Global Update


The Association of European Vehicle Manufacturers (ACEA) is calling for European policymakers to implement a European-wide scrappage program to include incentives for owners who trade in cars at least eight years old. The association of 15 European automakers—which includes the European operations of General Motors and Ford—has announced its plans to forward a formal request for taxpayer-financed incentives to European policymakers. 

The ACEA issued this statement: “A scrapping scheme for older cars is a further important way of accelerating the take-up of fuel-efficient technologies and renew the car fleet on Europe’s roads, which has a clear environmental benefit. In the EU15, cars older than eight years represent 36% of the existing fleet. Their replacement with new cars would result in CO2 savings of 20 megatons per year or 4.5% of total passenger-car emissions. There would also be a significant reduction on emissions of nitrogen oxide and particulate matter.”   

European car companies are also expected to ask the European government for taxpayer-financed low-cost loans (expected to cost €40 billion Euro; $55 billion USD) citing the recently passed taxpayer loan package approved by the United States Congress to benefit the Big Three.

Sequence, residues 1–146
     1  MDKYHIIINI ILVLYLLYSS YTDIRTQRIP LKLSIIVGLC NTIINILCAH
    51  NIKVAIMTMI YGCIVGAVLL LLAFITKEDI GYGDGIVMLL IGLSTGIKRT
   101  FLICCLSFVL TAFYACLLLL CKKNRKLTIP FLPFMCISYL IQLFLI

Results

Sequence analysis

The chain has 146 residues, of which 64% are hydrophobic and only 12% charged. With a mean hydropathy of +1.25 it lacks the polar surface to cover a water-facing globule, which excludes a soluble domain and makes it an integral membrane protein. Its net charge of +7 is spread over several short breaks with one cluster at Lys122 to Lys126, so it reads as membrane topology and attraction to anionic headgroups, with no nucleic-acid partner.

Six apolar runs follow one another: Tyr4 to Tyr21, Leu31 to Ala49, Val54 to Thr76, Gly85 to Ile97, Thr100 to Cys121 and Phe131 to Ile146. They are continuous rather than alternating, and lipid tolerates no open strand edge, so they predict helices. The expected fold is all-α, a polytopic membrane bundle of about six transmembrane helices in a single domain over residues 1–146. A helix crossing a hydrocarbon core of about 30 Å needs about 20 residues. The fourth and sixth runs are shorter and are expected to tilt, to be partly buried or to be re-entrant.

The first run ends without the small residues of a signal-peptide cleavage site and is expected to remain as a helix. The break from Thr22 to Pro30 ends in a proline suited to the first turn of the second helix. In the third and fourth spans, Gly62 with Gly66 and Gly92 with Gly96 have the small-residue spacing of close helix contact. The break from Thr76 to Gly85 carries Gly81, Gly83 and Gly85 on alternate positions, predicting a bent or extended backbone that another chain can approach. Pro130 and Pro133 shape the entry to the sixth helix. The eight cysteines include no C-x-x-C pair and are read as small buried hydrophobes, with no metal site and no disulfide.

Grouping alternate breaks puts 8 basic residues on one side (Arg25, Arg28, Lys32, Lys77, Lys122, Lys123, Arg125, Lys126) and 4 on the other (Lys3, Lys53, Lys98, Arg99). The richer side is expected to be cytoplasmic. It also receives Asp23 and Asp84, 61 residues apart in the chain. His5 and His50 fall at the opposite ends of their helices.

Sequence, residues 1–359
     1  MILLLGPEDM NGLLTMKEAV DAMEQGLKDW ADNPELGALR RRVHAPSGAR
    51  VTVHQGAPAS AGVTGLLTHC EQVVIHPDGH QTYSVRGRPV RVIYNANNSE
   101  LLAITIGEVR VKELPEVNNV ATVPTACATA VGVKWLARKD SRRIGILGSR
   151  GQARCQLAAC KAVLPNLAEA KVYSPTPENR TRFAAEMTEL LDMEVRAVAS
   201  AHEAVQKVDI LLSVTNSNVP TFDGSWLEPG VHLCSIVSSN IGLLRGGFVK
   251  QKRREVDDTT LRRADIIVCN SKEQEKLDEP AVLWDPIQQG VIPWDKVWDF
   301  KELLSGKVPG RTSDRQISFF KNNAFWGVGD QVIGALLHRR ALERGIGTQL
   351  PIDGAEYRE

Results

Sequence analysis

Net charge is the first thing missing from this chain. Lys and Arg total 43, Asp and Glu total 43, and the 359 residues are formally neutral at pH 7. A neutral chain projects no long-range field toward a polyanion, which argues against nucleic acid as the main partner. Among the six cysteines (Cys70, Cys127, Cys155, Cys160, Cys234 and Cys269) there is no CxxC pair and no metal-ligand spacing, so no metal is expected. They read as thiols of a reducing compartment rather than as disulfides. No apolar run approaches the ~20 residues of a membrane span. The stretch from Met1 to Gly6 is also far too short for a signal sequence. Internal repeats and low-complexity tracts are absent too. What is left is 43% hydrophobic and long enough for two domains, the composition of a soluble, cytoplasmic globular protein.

Sergio Marchionne, chief executive of Fiat, noted in a recent interview with Bloomberg News, "We've seen that the U.S. industry is now getting $25 billion worth of support in terms of financing. It would be absolutely necessary that the European Commission do exactly the same thing. It was $25 billion for the United States; in our case it's €40 billion because we have twice the capacity." 

Declining car sales (down about 16% in August) as well as expected high costs to fund product development to meet European-mandated CO2 reductions to be phased in by 2012 are among the factors cited by the car companies in announcing their intention to seek funding. European government officials have noted that they have not yet received a proposal from the ACEA and thus will not comment until they receive that request.

SEMA members that would like updates as they become available are encouraged to e-mail to Linda Spencer at and request future e-mails regarding a possible European scrappage program.